## Stat Summary, Week 18, 2022

EDIT: I also blathered on about earned wins over at another end-of-season article over here, and you may find that interesting.

That's a wrap on the 2022 NFL regular season and it ended with another win for SEA plus a playoff berth. That's well above preseason expectations and something I would have then considered effectively impossible. LA has the 27th best offense by my metric and is 22nd in defense. They've had the 2nd most difficult schedule of offenses faced and the 16th most difficult schedule of defenses faced.

Since this is the end of the regular season, I have updated my calculations, I have added some new ones, and this is the last article I'll publish in this series this season, I'm going to re-introduce my metric. I use Expected Points Added (EPA) downloaded from a play-by-play database maintained by nflverse. I then filter out plays that are not rushes or passes, plays in garbage time (defined as either team having 90% or greater likelihood to win), plays in the last two minutes of both halves, and plays on fourth down. The goal is to focus on neutral game scenarios when game script and situational football are not heavy factors. Also I ignore special teams. My goal is to focus on offense and defense, rushing and passing.

After winnowing down to neutral game scenario plays, I compute EPA per play (EPAPP). Lots of places do this, but I go further. EPAPP is a good metric and you can farkle with it yourself at https://rbsdm.com/stats/stats/. I calculate each team's seasonal EPAPP split into passing, rushing offense, passing defense, and rushing defense. I then go week by week, adjusting each team's raw EPAPP per game by what their opponent allows on average. So an objectively bad week might look average or even good after adjusting for opponent, or it might look even worse. Depends on the opponent, as it should. Context matters.

I then have a new set of weekly numbers: Opponent Adjusted Expected Points Added per Play (OAEPAPP). I average them across the weeks to get seasonal rankings. Because of the adjustment, zero is okay, negative numbers on offense are bad, and negative numbers on defense are good.

But that's not all! Today I am introducing rolling averages to the mix. To better account for coach firings, player injuries, schematic changes, weather, gelling, and other factors, instead of using team's seasonal averages to adjust EPAPP, I use the previous 4 games and the following 4 games to adjust by what each team's EPAPP should be right this week. I average over that window of 9 games weighted by a centered Gaussian curve with stddev of 2.25. Basically it favors closer weeks over further weeks in the averaging. This variant has a bunch of arbitrary numbers in it so the result is neither better nor worse than using seasonal, flat averaging. It's just a different view on the data.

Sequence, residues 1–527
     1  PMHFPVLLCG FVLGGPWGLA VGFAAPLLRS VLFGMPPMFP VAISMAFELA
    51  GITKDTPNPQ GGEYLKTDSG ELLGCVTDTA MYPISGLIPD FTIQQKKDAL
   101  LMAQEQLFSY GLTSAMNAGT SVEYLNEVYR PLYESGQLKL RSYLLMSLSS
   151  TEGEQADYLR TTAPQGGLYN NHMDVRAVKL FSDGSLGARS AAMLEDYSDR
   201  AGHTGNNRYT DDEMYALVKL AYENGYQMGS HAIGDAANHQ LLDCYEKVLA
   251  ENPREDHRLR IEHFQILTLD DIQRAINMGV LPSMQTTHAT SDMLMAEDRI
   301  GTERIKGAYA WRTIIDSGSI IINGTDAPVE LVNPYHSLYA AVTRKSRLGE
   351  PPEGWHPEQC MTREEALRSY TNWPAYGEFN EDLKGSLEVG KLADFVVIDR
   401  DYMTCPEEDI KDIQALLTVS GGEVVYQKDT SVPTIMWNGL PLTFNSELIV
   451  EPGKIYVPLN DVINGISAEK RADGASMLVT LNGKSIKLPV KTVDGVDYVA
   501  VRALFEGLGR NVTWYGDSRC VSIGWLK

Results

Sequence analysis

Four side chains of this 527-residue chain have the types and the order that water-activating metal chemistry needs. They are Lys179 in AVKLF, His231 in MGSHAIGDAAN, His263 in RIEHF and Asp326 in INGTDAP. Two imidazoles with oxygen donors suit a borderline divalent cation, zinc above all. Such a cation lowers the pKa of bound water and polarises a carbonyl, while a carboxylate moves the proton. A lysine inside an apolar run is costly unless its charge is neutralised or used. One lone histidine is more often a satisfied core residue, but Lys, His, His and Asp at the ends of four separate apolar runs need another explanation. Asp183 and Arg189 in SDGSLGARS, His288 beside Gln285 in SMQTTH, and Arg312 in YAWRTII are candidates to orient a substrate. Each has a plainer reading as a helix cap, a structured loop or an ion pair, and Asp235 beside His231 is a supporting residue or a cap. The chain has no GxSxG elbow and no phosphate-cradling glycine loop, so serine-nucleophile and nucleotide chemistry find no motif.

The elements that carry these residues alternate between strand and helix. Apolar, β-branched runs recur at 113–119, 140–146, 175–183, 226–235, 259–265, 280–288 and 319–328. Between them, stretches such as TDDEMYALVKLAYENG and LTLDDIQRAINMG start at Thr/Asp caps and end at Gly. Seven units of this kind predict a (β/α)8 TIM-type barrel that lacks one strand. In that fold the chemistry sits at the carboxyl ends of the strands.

Anyway, enough blather. On with the charts!

Against LA last week, the defense had a big uptick. Probably its best game since week 7 against LAC. There were a lot of ups and downs this year and the defense was not as young and energetic as I'd hoped, wonky but promising. After a week 7-9 surge, they fell apart, but the good news is that they've been on an incline since then. Maybe the defense will show out against SF in the postseason. Who knows? Unlikely but worth a shot. Now let's switch to the offense.

Hmm... well, not great against LA. Not their worst game but also not the note on which you want to end. The rushing offense was better than the passing offense, maybe, but both were bad. Not much else to say about that, so let's go to seasonal defense for the league.

Compared to the rest of the league, the Hawks' defense is:

• 28th overall (rolling 27th)
• 28th passing (rolling 26th)
• 23rd rushing (rolling 23rd)

The Hawks' offense is:

• 22nd overall (rolling 21st)
• 22nd passing (rolling 21st)
• 18th rushing (rolling 20th)
The SEA strength of schedule by neutral game scenario EPAPP:
• defenses faced: 23rd (rolling 14th)
• pass defenses faced: 19th (rolling 11th)
• rush defenses faced: 30th (rolling 31st)
• offenses faced: 26th (rolling 13th)
• pass offenses faced: 17th (rolling 2nd)
• rush offenses faced: 29th (rolling 27th)
But wait, there's more! Using similar thinking to rolling window averaging, I can compute power rankings (OAEPAPPPW, I guess (dear GAWD)). I adjust the window from centered on the week to right-aligned, and I change the stddev from 2.25 to 4.5. I keep the Gaussian weighting and the window width at 9 weeks. By taking just the values from the latest week, I can estimate a team's current power level or hotness. I would prefer to show this is table form, sortable by column and all that, but this site does not have such functionality. Instead here is a dense spew of (hopefully understandable) team logos:

So this week SEA (the 26th to 30th ranked by power) will try to beat SF (the 2nd ranked by power) at Santa Clara. It's a longshot.

And that will wrap up 2022. I hope literally anyone read this and found it interesting or useful. Let me know in the comments if you have any questions, critiques, or requests for other analysis. Thanks!